As a result, the anarcho-syndicalists decided to create an International of their own. It was founded at a congress held in Berlin in December 1922, and was called officially the International Workingmen’s Association, a name identical with that of the First International of 1864–76. In its early years it was usually referred to as the “Berlin International” because its headquarters were in the German capital prior to the Nazis’ seizure of power. It goes without saying that the non-syndicalist anarchists stayed out of the organization. Among them were a small number of pure idealists, who dreamed of revolution but knew or felt that they were powerless in the face of the spiritual subjection of the masses to either their traditional masters or to Socialist or Communist leaders. But most of them were sectarians or cultists of one kind or another, intent on verbally defying the accepted views or scandalizing their fellow men without incurring risks for their bravado. Among them were people interested chiefly in sexual freedom, Tolstoyism, Esperanto, anti-alcoholism, sterilization by the Steinach method, and whatnot. There was nothing revolutionary about them, except the once dread-inspiring label.
The Berlin International was at its outset dominated by the personality of Rudolf Rocker, an ex-bookbinder, who was the author of many books on anarchism and other subjects. A refugee from German police persecution during the early 1890’s, he lived in London until the collapse of the Kaiser’s government, when he was able to return to Germany. While in London he was prominently active among the Yiddish-speaking immigrants, whose language he had learned (he himself was not Jewish). Those he helped educate were later to become prominent as leaders and organizers of the needleworkers in New York. After his return to Germany, the policy Rocker and his followers adopted during the three-cornered struggle between Socialists, Communists, and Nazis was the rejection of all violence and refusal to manufacture instruments for killing. This was a rather pathetic comedown after a long revolutionary tradition. During the 1920’s, Rocker’s German following consisted of the members of the Freie Arbeiter-Union; there were approximately 30,000 of them, mostly secessionists from the Socialist-controlled giant trade unions. The most important section of the Berlin International was beyond question the Spanish Confederacion Nacional del Trabajo (CNT), which, before its destruction at the end of the Civil War, claimed a membership of about one million. In 1924 it did not exceed 200,000.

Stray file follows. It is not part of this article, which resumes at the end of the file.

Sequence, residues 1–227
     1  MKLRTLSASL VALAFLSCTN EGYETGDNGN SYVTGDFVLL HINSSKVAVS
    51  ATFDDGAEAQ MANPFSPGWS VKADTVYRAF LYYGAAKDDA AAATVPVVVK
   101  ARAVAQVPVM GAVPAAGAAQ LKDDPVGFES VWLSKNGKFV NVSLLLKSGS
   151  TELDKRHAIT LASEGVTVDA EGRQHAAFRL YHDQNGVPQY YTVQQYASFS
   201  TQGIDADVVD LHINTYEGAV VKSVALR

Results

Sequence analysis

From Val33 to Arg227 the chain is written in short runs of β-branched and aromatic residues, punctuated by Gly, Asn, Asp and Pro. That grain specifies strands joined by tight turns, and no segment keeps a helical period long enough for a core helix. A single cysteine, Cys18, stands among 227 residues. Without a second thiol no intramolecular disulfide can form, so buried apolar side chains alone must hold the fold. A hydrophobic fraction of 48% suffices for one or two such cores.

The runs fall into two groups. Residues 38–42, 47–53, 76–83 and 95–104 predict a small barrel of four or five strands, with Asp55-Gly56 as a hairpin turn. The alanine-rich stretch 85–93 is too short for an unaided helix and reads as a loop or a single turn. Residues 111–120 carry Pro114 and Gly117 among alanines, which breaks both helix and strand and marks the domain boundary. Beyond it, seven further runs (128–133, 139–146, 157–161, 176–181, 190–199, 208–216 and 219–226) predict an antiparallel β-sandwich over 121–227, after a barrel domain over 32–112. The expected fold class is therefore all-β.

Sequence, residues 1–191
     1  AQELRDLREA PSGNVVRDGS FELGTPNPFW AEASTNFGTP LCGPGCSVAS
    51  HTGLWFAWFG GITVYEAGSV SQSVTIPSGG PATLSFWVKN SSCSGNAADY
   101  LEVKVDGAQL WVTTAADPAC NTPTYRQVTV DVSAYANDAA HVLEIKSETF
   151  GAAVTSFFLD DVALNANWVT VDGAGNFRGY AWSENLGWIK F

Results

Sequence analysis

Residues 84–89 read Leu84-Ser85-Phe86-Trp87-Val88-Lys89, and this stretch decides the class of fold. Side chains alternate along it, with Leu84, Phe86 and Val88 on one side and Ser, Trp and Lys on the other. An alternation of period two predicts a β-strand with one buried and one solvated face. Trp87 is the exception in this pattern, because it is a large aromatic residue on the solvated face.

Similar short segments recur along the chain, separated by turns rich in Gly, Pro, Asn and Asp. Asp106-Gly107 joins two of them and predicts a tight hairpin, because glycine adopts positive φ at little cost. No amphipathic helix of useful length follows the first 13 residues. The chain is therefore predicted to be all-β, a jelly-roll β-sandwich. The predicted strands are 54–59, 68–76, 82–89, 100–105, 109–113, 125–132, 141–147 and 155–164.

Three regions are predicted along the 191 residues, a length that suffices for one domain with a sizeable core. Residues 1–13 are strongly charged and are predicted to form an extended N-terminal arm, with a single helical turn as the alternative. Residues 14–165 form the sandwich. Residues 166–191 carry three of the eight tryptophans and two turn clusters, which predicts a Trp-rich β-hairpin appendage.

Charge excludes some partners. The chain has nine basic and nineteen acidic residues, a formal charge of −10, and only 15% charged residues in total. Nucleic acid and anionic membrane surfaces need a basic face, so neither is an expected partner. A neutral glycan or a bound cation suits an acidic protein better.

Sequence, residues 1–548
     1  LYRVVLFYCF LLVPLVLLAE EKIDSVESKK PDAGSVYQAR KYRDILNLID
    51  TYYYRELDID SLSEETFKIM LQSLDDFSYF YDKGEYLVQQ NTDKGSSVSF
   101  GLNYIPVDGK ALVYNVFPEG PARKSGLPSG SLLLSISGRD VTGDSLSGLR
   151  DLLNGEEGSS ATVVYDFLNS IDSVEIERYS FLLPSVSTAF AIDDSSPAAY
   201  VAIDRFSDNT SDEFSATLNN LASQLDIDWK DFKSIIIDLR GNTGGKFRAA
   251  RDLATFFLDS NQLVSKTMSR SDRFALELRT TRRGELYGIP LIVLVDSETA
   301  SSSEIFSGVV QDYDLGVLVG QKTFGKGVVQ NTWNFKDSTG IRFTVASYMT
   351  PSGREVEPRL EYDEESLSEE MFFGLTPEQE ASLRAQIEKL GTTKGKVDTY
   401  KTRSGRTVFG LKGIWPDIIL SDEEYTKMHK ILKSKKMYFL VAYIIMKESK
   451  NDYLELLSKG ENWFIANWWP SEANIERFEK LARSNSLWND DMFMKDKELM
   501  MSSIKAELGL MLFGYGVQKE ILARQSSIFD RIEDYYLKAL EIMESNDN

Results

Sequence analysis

The French syndicalists, who had once controlled the unions of their country, had in the meantime been reduced to insignificance. When, as a result of the conflict between the Socialists and the Communists, the Confederation Generale du Travail was split, the anarcho-syndicalists and the syndicalists proper joined the Communist-controlled Confederation Generale du Travail Unitaire (CGTU). A few years later the anarcho-syndicalists broke away from that organization to form their own CGT Syndicaliste Revolutionnaire, which, according to figures published by the Berlin International, had only 7,500 members in 1928. It exerted no influence whatsoever, and disappeared at the outbreak of World War II.
Next to the Spanish CNT, the strongest unit that joined the syn-dicalist International was the Italian Unione Sindacale. Led by anarchists and syndicalists, it included various unions dissatisfied with the moderate Socialist leadership of the Confederazione Generate del Lavoro. At its height, shortly before being suppressed by the fascists, it had approximately 100,000 members. There were also small anarcho-syndicalist or syndicalist organizations in the Netherlands, where the originally strong pro-anarchist unions had shrunk to insignificance; in the Scandinavian countries, where they were strongest in Sweden, yet still of no importance when compared with the regular, Socialist-led unions; and in Latin America, particularly Mexico and Argentina, where anarcho-syndicalist influence was later greatly reduced by Communist competition.